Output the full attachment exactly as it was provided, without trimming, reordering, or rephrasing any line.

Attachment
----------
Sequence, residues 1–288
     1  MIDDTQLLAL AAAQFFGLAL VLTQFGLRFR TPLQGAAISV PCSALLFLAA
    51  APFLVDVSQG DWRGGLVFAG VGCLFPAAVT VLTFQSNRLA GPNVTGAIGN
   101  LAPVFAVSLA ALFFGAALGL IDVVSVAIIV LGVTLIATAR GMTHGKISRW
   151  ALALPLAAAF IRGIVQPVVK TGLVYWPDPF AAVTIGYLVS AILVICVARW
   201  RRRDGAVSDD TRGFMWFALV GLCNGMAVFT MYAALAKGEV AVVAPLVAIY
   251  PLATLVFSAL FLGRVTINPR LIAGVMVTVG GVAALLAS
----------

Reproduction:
Sequence, residues 1–288
     1  MIDDTQLLAL AAAQFFGLAL VLTQFGLRFR TPLQGAAISV PCSALLFLAA
    51  APFLVDVSQG DWRGGLVFAG VGCLFPAAVT VLTFQSNRLA GPNVTGAIGN
   101  LAPVFAVSLA ALFFGAALGL IDVVSVAIIV LGVTLIATAR GMTHGKISRW
   151  ALALPLAAAF IRGIVQPVVK TGLVYWPDPF AAVTIGYLVS AILVICVARW
   201  RRRDGAVSDD TRGFMWFALV GLCNGMAVFT MYAALAKGEV AVVAPLVAIY
   251  PLATLVFSAL FLGRVTINPR LIAGVMVTVG GVAALLAS